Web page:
This is a great book that explains the ‘kleshas’ (or afflictions) and the way we create suffering through clinging. It uses fairly simple language to explain Yoga Philosophy and it never moves far away from practical applications of the Philosophy.

 

 

 

 


 

“The Bhagavad Gita – A New Translation”
Stephen Mitchell (Three Rivers Press, 2000)

Review by Ana Davis
Mahatma Ghandi described it as his “eternal mother”, and there is no doubt that the Bhagavad Gita has influenced many spiritual seekers over the centuries.  The title of this extended ‘poem’ means “The Song of the Blessed One” and is book six of India’s national epic, The Mahabharata.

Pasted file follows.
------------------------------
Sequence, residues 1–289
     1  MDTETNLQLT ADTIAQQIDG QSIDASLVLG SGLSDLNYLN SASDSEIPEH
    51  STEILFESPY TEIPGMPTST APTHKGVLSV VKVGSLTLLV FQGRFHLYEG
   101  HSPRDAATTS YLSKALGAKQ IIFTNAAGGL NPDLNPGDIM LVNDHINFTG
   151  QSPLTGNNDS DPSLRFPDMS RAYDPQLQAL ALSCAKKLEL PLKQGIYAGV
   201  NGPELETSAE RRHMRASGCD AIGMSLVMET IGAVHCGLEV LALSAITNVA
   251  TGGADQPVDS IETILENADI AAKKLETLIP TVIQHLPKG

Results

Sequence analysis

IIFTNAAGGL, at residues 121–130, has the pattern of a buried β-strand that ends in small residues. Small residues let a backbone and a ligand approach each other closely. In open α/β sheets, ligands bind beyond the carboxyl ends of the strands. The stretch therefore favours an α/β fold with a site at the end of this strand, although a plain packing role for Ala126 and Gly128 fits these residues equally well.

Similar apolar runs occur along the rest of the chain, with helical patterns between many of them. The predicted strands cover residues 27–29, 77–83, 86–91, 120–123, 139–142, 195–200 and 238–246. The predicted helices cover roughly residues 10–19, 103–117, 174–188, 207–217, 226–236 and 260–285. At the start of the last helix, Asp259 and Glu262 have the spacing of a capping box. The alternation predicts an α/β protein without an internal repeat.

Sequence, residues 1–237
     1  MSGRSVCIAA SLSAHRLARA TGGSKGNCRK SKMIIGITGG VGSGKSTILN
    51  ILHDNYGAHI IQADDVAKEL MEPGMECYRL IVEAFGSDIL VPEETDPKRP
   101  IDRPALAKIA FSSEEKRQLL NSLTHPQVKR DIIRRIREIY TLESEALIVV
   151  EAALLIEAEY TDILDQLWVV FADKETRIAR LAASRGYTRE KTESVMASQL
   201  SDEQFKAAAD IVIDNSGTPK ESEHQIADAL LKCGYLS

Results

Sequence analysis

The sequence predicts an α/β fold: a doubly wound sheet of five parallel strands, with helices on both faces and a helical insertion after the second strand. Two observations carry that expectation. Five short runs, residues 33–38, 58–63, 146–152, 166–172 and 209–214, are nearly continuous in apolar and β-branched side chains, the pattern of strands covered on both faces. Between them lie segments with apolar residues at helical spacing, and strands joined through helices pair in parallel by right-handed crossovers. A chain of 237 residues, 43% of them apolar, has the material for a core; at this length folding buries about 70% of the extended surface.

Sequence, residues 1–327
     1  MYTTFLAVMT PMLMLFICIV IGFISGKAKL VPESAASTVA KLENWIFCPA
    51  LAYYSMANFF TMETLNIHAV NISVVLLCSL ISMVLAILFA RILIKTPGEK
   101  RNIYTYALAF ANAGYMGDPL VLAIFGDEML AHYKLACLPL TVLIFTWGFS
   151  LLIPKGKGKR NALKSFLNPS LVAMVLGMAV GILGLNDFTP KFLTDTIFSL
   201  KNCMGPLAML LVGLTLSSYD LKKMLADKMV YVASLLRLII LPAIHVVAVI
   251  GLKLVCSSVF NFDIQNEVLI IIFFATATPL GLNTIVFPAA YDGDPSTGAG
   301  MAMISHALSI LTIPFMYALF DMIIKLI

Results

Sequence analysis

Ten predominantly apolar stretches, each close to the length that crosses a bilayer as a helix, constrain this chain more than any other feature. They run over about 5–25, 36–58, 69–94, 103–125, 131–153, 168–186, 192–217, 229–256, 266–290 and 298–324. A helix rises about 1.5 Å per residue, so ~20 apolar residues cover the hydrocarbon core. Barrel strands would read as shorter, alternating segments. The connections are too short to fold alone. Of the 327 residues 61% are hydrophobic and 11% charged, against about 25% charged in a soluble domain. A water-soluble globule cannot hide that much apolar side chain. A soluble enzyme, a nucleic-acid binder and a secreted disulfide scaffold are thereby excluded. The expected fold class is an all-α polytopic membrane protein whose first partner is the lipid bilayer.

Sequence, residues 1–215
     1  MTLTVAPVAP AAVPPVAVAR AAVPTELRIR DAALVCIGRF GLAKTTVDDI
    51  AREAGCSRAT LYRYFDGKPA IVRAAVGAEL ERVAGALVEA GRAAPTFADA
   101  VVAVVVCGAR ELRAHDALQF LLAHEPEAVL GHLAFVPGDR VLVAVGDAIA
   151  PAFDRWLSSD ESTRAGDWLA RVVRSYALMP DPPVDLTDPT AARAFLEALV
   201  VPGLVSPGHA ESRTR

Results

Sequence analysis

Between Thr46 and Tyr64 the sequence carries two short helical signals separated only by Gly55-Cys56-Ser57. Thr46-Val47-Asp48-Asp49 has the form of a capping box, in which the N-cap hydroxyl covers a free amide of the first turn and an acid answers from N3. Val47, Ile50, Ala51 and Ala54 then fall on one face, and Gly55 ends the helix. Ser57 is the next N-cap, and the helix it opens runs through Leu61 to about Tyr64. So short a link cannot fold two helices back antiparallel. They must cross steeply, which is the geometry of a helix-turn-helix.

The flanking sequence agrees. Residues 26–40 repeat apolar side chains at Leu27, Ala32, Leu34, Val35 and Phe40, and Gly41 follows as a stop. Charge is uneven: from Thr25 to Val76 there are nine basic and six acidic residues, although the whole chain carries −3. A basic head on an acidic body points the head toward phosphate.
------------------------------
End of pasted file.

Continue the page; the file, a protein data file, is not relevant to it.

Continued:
With many translations and interpretations now available for the Western reader it can be baffling to know where to start.  I recommend Stephen Mitchell’s translation as a good launching-pad for your journey into the allegorical world of the Lord Krishna and the warrior-prince, Arjuna.  
Mitchell’s interpretation is a good introduction to this text because it is refreshingly easy to read and comprehend.  It flows as a continuous, lyrical poem, that is not weighed down by lengthy foot notes or explanations. This allows you to get a ‘handle’ of the overriding philosophies of bhakti yoga and what is described here as the yoga of ‘actionless action’ .
Once you have this version under your belt, you can stride more confidently into the world of academic translations and religious interpretations that are widely available.